|Product origin||made in Japan|
|Production region||Hakone, Kanagawa Prefecture|
Yosegi-zaiku (寄 木 細 工), or simply yosegi (寄 木), is a type of traditional Japanese inlay that appeared at the end of the Edo period (1603 - 1867). Yosegi marquetry is commonly used on the exterior faces of Japanese secret boxes (himitsu-bako), but also decorates many other handicrafts, such as trays, chests, picture frames and jewelry boxes.
The Hakone-yosegi-zaiku marquetry, typical of the Hakone region, was created at the end of the Edo period by a local craftsman, Nihei Ishikawa (1790-1850). The village of Hakone, located about a hundred kilometers east of Tokyo in Kanagawa Prefecture, is particularly famous for its himitsu-bako and marquetry.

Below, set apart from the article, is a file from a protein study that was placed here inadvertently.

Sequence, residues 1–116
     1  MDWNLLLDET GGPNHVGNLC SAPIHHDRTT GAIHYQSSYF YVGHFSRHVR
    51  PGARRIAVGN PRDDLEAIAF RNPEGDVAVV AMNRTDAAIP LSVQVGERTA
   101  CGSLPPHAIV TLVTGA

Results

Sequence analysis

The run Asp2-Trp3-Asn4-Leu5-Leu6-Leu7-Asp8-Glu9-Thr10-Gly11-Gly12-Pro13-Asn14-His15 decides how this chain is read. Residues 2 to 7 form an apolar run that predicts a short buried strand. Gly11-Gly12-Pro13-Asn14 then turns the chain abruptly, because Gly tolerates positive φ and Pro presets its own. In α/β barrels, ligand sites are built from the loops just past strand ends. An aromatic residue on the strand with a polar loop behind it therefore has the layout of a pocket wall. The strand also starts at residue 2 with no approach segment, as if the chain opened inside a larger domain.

The use of the Hakone-yosegi-zaiku marquetry for the decoration of himitsu-bako boxes is late, and dates from the Meiji era (1868-1912). The first boxes with a secret opening, called sikake-bako or tie-bako, were relatively simple and sparsely decorated. During the 19th century, the combinations of movements of moving parts became more complex. Around 1870, master craftsmen Takajiro Ohkawa, Tatsunosuke Okiyama and Kikukawa incorporated the yosegi-zaiku decoration into the manufacture of these boxes, thus creating Hakone's first himitsu-bako.
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